I'm a big proponent of protein. Eggs for breakfast, grilled chicken for lunch, lightly seared filet of salmon for dinner—I can't get enough. But even I have a limit, and that limit generally begins about the time I see exoskeletons, tentacles, pinchers, or stingers sticking out of my food.
I realize that in some parts of the world, bugs are considered a reliable source of protein. But the people who eat those bugs do so willingly. It's a normal part of their diet. Here in the United States, we're pretty squeamish about chomping into insects or stabbing our forks into larvae. And that's why it might come as a shock to discover that, because of the FDA's lax food-safety regulations, your food might very well be crawling with creepy, slimy, buzzing things of all sorts. In fact, it's been estimated that the average person unintentionally eats a pound of insects every year. And I'm not talking about gummy worms here. I'm talking about real live (or formerly live) bugs.
With the help of Rodale.com writer Emily Main, we've identified a few of the more disgusting bugs infiltrating your food. Prepare to be grossed out.
At anywhere from 1/25 to 1/8 of an inch long, these tiny little winged parasites are legally allowed in apple butter, canned or frozen asparagus, frozen broccoli, and frozen Brussels sprouts.
Those same little green or black bugs that can destroy a bouquet of flowers can infiltrate your frozen veggies, particularly spinach, broccoli, and Brussels sprouts. And if you home-brew beer, you might consider growing your own hops: The FDA legally allows 2,500 aphids for every 10 grams of hops.
LENIENT LEGISLATORS: Pest control isn't the only area where the FDA is lax—many food-packaging claims are entirely unregulated by the government! Don't believe it? Take a look at the 9 "Natural" Cereals That Aren't.
These tiny white bugs are common in wheat and other grains that have been stored for a while, but expect to eat a few with your frozen vegetables. And if you have indoor allergies, that could be a problem. Storage and grain mites can cause the same type of allergic reaction as the dust mites common in homes.
If you’ve ever eaten canned food, you’ve probably also eaten a maggot. These disgusting little critters abound in things like canned mushrooms, canned tomatoes, tomato paste, and pizza sauces, as well as fresh or frozen Maraschino cherries. Mushrooms are by far the worst: 20 maggots are allowed for every 100 grams of drained mushrooms, compared with between 1 and 5 for every 500 grams of tomato products.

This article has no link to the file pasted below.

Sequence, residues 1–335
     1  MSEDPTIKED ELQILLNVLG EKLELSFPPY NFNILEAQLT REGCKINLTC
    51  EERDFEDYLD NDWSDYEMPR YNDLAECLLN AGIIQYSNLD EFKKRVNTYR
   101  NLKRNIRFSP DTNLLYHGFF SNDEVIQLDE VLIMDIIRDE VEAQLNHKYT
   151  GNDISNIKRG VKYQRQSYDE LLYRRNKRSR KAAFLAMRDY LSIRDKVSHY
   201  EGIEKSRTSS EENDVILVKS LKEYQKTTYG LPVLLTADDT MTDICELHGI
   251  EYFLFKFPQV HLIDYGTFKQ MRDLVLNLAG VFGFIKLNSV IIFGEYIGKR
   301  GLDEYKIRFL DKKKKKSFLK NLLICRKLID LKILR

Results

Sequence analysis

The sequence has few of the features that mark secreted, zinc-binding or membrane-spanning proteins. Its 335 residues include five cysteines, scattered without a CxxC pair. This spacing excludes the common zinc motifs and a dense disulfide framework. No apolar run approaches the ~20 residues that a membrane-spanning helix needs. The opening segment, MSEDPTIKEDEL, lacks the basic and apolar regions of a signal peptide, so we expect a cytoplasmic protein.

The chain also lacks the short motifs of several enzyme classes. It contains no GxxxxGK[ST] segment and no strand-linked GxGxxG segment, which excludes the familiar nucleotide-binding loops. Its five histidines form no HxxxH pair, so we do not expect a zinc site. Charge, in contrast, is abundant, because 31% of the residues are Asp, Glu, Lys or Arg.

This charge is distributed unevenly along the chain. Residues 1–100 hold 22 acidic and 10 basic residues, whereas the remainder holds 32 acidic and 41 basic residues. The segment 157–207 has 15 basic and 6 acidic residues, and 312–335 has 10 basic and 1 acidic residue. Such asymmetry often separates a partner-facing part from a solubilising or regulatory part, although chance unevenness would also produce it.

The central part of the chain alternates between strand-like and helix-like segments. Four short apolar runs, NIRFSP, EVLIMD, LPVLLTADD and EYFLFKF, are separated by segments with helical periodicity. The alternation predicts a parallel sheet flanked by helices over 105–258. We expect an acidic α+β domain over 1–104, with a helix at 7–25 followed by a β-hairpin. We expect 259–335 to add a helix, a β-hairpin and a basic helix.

SCARIEST FOOD ADDITIVES: Some gross ingredients, like bugs, are supposed to be removed from food. Others, like the 15 Scariest Food Additives, should never be added in the first place.
Buy a piece of fruit covered in fruit flies, and you can wash them off. Buy a can of citrus juice, and you’ll be swilling five fruit flies with every 8-ounce cup of juice. Grab an 8-ounce handful of raisins and you could be eating as many as 35 fruit-fly eggs.
Not sure how to pick the best produce? No problem. Master the Produce Aisle and you'll know what, when, and where to buy all year-round.
Corn is notoriously difficult to grow organically, because it’s prone to insect infestations. But in most cases, it’s easy to avoid eating the earworms that burrow into corncobs and eat the silk—just cut the kernels off the cob, and voilà! However, canned sweet corn will come with some extra crunch from all the larvae, skins, and skin fragments allowed by the FDA.
CHUCK BOMBS: If bugs don't scare you, maybe this will: Applebee's Quesadilla Burger has more than 1,200 calories! And that's not even the worst we found! Check out our complete list of the 15 Worst Burgers in America!
Love black-eyed peas? Buy them dried and cook them yourself, rather than buying them frozen or canned. A can of black-eyed peas, cowpeas, or field peas may contain an average of five or more cowpea curculio larvae, which will grow into dark brown, beetle-like weevils that infest all manner of peas and beans.
Fuzzy, ugly caterpillars are supposed to turn into beautiful butterflies for people to marvel at—not eat in a mouthful of frozen spinach. But along with the 50 or so aphids, mites, and thrips allowed in 100 grams of spinach, you may also find yourself munching on caterpillar larvae and larval fragments. Mmm . . . probably not what was giving Popeye all that strength.
For more help navigating those increasingly confusing supermarket aisles, check out the 125 Best Supermarket Foods in America and pick up a copy of the all-new Eat This, Not That! Supermarket Survival Guide.
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